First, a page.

Tax tips for TFSAs

FORUM Magazine


10 ways to benefit from contributing

With the launch of the new tax-free savings account earlier this month, you’d be hard pressed to find a client who could not benefit in some way from contributing up to $5,000 to a TFSA in 2009. Here then is a list of my top- 10 TFSA opportunities:

1. Emergency funds

The TFSA, with its enormous flexibility, may be the ideal place to begin that proverbial “rainy day fund.” Such emergency funds are often parked in high-interest savings accounts, guaranteed investment certificates or money market funds.

The problem with such investments when held outside a registered account is that they generate interest income that is fully taxable at marginal tax rates. By holding such interest-paying investments in the TFSA, clients will be able to earn otherwise highly taxed interest income, completely tax-free for life.

In addition, the ability to recontribute any amount withdrawn from the TFSA beginning the year after withdrawal allows any funds accessed in an emergency to be repaid at any time in the future.

2. High-risk investment speculation

On the other side of the investment spectrum, the TFSA can also be the perfect place to hold equities and other riskier assets to generate unlimited tax-free returns. Imagine putting $5,000 into penny stock, perhaps purchasing 10,000 shares of that speculative junior mining-oil-gas-potash play into the TFSA and hitting a home run. The entire amount of the gain would be tax-free.

What if you lose it all? The downside is limited since all you’ve really lost (besides the value of your investment, of course) is the ability to claim, at least initially, a $5,000 capital loss, which is worth a maximum of 24 per cent, depending on your province of residence.

3. Collateralized lending

Unlike an RRSP or RRIF, you may be able to pledge your TFSA assets as collateral for a loan or a secured line of credit, thus perhaps getting a lower interest rate than an unsecured line. Clearly this will be of greater advantage as the TFSA balance builds up over future years.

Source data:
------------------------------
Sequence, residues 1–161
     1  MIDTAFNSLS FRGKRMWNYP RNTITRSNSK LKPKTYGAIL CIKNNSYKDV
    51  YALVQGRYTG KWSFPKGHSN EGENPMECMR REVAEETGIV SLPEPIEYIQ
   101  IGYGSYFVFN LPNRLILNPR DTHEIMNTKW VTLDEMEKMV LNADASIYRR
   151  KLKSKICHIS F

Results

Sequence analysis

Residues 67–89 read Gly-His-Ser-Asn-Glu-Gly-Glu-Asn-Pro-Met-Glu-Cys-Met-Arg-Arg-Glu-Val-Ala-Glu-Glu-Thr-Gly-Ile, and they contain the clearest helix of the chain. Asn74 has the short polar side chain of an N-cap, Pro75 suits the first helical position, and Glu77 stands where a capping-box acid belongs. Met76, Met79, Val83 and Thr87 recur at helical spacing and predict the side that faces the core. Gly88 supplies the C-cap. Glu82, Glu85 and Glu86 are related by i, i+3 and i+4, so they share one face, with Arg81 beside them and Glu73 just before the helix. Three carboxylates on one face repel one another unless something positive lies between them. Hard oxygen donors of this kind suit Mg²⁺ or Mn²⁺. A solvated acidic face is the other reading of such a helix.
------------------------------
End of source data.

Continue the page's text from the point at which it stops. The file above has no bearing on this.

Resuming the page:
4. Protecting government benefits

For Canadians with low and modest incomes, the TFSA can help preserve certain income-tested government benefits since TFSA withdrawals are not considered to be income. For a young person receiving the GST credit or the Child Tax Benefit or a senior living on the Guaranteed Income Supplement (GIS) or the Old Age Security (OAS), the ability to protect these benefits even when funds are withdrawn from a TFSA is a major victory of sorts.

5. Tax rate planning

For Canadians with limited funds who are currently in a low tax bracket but who expect to be in a higher tax bracket upon retirement, contributing to a TFSA may be preferred to making an RRSP contribution. Ultimately, as you get into a higher tax bracket before retirement, the TFSA money can be moved into an RRSP, tax-free, restoring TFSA contribution room beginning the following year.

6. Retirement planning

Taxpayers who can’t contribute to an RRSP (for example, someone over age 71, or with no earned income, or with a large pension adjustment) can use the TFSA to invest for their retirement on a completely tax-free basis and with no forced minimum withdrawal — ever!

7. Education planning

While RESPs are expected to remain the vehicle of choice primarily because of the federal (and in some cases, provincial) grants, for savings beyond the level needed to maximize the grants, TFSAs offer another flexible alternative. Plus, TFSA money can also be used to save for private school education since RESP monies can only be used to fund post-secondary schooling.

8. Income splitting with a spouse and kids (over 18)

If you’ve got a spouse or partner, you are permitted to give him or her funds to open up their own TFSA without having the normal attribution rules for income and capital gains apply. Similarly, you can give each child over 18 money to open up his or her own TFSA, with no attribution consequences. Note that you cannot open an “in-trust for” TFSA.

9. Estate planning

The entire TFSA will be tax-free upon death. The TFSA monies can be rolled over to a surviving spouse or partner’s TFSA after death to maintain the tax-free status of the account. If left to anyone else, future income and gains will be taxable.

Look for the ability to name a beneficiary on a TFSA in 2009 in many provinces. At the time of writing, only Nova Scotia has introduced legislation to permit this. Once passed into law, this would allow for TFSA monies to pass directly to a named beneficiary, bypassing the estate and savings probate taxes, where applicable.

10. Emigration (non-resident) planning

Finally, clients wishing to emigrate from Canada can still hold a TFSA tax-free for the rest of their lives and pay no Canadian tax on continued TFSA growth. No future contributions would be permitted as a non-resident without having to pay a penalty tax. Of course, the other country will likely tax the earnings and growth in the TFSA annually.